I think my book reviews have consumed more of my energy than any of my other types of posts. I don’t mean that in the sense that they are the most time consuming (which they are) but because they’re the posts I work hardest to get right. I think when I first began writing them, I was hesitant to give any kind of an opinion about what I’ve read. I simply saw reviews as necessary way to promote books. Still, I wanted there to be some polish to my thoughts. I read a few books and articles about how to construct a review, even followed a few reviewers outside children’s literature as sources of inspiration. But, I still came back to reviews as promotional tools. I know from time to time I mention whether I want to recommend a book or not. I’m always uncomfortable with doing that. Only recently, I’ve realized that I prefer to comment on books in ways that highlight what I’ve found in a book. I’ve come to rely on using critical literacy tools to analyze power and privilege within the text and I think that lens lends a greater degree of skill to my work. I think readers respect reviewers that move beyond their own personal experiences and biases when talking about books otherwise, why read the reviews?
I haven’t always used any sort of framework for my reviews. Initially, I was doing those based in literary critiquing, talking about character development, plot and setting. I don’t spend much time discussing that any more. I reviewed Into White by Randi Pink almost 3 years ago. At that time, I was just moving into critical reviewing. The book is about a young Black girl named Toya who is done with being Black. She’s tired of the humiliation she feels at her predominantly White school and she prays to Jesus to change her skin. And, he does. My review was less than flattering. I’d read the book twice, uncovered flaws I saw in the book while trying to write a balanced review.
Let’s top this off with being on a panel with the young, debut author of said book, Randi Pink, about a month after I posted this. She was charming, excited, eager and outspoken. She had heard from young people who needed her book and she was quite proud of it. Why shouldn’t she be?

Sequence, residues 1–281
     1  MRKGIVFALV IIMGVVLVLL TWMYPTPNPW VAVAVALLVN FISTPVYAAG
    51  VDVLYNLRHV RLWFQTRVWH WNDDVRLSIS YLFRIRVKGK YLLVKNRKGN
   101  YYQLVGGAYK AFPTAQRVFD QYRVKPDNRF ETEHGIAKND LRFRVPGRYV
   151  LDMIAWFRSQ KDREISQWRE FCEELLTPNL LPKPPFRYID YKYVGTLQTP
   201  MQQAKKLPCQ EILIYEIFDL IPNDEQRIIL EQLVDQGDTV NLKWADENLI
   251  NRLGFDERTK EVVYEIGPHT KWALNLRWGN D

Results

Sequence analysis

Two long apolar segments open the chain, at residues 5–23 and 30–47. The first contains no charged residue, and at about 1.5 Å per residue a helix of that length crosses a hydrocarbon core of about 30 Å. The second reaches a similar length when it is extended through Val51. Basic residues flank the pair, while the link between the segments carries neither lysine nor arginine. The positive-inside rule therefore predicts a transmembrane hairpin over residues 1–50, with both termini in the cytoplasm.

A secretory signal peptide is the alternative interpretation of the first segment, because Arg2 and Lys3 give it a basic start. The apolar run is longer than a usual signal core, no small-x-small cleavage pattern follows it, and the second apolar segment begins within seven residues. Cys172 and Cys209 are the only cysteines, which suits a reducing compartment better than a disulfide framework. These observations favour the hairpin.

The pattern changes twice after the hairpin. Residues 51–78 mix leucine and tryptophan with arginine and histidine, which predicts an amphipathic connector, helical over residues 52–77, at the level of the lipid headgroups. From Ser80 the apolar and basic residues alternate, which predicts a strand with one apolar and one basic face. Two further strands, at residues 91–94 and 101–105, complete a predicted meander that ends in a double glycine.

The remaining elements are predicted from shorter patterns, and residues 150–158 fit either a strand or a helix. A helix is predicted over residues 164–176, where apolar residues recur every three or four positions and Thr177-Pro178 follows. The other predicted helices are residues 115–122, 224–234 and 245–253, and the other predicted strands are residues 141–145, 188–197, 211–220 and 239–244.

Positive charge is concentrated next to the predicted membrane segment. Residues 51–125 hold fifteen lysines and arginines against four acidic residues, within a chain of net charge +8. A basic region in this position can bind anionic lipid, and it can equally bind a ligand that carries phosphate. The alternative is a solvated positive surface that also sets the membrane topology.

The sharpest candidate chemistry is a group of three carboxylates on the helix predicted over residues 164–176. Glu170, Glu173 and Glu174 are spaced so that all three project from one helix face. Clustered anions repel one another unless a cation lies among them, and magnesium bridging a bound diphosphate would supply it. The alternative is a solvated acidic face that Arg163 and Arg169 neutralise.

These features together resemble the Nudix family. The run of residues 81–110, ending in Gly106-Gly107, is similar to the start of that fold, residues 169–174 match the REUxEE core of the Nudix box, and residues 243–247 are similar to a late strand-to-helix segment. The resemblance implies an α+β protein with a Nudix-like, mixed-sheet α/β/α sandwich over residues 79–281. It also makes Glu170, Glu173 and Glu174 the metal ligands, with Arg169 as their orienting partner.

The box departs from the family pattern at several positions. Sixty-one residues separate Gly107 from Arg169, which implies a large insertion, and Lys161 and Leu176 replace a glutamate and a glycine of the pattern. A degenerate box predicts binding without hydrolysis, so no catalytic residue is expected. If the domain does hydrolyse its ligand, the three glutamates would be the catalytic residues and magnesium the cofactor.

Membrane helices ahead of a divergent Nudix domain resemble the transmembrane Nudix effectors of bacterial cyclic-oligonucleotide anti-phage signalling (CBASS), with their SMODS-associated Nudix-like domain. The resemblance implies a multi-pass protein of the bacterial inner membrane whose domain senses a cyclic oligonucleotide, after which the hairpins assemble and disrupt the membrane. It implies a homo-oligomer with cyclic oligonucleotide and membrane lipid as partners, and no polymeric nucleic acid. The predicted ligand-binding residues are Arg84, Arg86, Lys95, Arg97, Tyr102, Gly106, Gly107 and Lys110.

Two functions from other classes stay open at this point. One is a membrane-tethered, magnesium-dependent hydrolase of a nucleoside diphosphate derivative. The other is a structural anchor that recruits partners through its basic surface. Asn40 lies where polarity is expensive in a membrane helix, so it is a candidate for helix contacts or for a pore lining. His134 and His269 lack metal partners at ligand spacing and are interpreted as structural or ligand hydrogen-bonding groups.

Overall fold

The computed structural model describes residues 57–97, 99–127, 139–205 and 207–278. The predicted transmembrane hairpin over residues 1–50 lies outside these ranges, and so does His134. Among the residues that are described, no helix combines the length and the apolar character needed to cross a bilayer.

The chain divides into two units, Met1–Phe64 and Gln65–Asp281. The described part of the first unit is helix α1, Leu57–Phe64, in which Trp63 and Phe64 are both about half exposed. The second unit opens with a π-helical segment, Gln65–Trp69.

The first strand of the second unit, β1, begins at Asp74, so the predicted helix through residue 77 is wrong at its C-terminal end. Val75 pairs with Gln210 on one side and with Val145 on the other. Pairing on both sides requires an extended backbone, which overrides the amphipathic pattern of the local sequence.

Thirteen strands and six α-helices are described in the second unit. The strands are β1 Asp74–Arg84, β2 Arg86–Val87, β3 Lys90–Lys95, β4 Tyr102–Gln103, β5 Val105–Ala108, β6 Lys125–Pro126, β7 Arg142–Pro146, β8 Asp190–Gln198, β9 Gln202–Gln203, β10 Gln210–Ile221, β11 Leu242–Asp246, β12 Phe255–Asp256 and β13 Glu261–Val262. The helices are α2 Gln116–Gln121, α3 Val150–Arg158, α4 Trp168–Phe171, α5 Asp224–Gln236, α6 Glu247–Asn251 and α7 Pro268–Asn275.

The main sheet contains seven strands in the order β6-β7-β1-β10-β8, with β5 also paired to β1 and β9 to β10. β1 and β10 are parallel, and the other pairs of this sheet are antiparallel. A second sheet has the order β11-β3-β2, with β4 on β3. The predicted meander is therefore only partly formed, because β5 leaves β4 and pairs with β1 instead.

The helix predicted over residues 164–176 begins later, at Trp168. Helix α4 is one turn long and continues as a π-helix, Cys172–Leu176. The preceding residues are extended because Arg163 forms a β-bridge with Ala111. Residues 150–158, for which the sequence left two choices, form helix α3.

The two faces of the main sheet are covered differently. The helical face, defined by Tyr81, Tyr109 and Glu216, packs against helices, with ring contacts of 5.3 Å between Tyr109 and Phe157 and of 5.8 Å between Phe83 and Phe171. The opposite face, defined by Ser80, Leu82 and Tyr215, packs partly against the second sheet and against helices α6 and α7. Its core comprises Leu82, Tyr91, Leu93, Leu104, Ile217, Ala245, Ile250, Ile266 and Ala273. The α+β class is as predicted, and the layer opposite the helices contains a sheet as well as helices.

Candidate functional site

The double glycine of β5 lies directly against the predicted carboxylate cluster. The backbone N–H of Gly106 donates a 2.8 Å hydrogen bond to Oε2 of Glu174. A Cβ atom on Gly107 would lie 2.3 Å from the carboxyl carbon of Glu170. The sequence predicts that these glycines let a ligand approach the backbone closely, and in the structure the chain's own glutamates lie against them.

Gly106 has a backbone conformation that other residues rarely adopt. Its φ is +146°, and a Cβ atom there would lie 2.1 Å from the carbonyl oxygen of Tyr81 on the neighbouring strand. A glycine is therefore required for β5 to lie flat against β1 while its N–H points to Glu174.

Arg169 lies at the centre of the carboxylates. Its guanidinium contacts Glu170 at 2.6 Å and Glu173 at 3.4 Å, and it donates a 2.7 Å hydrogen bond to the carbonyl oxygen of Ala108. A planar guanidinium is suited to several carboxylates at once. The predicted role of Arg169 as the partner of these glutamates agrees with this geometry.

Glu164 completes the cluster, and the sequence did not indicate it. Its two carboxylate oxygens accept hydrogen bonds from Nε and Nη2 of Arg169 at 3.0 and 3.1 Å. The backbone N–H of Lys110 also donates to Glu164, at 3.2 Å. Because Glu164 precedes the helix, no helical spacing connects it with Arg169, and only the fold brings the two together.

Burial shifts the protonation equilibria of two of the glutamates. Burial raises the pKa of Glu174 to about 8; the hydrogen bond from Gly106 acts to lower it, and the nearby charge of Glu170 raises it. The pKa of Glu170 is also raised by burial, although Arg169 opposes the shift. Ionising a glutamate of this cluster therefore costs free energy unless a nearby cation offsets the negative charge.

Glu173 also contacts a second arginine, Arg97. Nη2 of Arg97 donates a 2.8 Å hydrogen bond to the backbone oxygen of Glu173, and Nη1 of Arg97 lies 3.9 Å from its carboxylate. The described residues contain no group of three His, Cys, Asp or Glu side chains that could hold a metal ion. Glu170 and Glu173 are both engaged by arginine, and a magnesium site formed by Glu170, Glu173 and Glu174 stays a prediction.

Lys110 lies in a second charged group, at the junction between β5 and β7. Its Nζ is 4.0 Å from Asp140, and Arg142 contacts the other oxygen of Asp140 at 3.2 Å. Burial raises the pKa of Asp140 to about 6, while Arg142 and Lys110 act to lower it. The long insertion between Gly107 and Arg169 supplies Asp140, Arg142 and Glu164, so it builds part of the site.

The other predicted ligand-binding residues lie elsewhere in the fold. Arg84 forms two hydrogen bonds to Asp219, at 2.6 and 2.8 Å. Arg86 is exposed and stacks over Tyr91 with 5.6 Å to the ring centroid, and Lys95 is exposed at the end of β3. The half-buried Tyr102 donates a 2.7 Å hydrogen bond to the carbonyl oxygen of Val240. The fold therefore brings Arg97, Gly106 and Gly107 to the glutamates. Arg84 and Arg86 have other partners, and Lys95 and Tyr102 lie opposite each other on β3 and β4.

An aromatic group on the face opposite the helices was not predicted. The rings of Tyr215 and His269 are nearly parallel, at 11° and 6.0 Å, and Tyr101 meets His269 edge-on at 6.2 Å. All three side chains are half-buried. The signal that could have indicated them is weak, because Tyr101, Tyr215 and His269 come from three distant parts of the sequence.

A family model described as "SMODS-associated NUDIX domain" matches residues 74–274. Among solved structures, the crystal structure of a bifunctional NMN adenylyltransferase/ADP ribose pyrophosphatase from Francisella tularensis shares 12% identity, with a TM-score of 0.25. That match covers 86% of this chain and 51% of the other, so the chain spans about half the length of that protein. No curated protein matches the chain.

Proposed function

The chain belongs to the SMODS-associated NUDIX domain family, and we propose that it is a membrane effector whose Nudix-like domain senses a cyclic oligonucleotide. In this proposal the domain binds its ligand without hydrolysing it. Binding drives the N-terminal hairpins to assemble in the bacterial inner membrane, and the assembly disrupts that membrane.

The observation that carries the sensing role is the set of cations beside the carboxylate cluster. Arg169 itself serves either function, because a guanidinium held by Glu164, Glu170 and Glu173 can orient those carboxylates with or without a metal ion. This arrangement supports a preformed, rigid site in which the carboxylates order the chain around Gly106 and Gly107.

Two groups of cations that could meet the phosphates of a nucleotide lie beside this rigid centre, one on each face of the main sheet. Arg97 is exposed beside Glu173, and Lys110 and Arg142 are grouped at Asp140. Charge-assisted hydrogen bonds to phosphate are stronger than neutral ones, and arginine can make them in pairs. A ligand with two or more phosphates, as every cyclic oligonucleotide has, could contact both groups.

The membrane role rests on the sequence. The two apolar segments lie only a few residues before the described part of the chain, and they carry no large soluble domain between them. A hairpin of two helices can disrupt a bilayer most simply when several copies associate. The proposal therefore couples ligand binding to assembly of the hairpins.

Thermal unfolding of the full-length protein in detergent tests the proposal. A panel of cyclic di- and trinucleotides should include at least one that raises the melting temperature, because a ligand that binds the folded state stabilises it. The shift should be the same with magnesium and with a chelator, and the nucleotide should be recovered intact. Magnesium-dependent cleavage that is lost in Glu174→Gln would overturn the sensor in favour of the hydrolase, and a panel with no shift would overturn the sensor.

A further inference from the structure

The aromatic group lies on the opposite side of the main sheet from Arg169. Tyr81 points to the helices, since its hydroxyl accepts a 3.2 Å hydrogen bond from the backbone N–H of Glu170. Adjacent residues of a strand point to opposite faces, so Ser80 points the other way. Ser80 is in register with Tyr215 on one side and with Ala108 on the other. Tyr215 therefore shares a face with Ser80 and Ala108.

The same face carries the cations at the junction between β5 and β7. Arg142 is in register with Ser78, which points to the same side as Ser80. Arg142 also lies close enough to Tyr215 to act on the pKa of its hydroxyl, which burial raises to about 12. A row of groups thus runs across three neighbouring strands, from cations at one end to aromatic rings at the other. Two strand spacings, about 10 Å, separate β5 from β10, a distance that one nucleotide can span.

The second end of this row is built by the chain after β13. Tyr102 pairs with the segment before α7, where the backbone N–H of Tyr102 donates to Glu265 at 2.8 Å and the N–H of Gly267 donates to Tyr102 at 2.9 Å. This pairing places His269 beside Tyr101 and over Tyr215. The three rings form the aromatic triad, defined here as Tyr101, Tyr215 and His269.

Since then, I’ve had the pleasure of re-reading Into White four more times because I’ve included it in my work on black girl economics. Essentially, I’ve distilled concepts from feminist economic theory into a set of questions that determine whether a given demographic has value in young adult literature written. In my work, I was working to determind if black girls have value in young adult literature written by black female authors. Feminist economic theory shifts the determinants of value from one’s involvement in production and consumerism to finding worth in non-market unpaid work and in relationships with others. Unpaid non-market work such as cooking, cleaning, washing and caring for children when performed in the home has traditionally been the work of women and it is work that is necessary to maintain life. To look at how these black girls are valued, I considered the work they do to have and maintain relationships and the ways they contribute to their homes and communities. Most important, I considered whether the girls were ultimately able to obtain maximum utility from situations that involve choice.
Using this new lens brought quite a different understanding to the story. My change in disposition to the book occurred during the first re-reading, not after the third or fourth reading; the book didn’t just grow on me.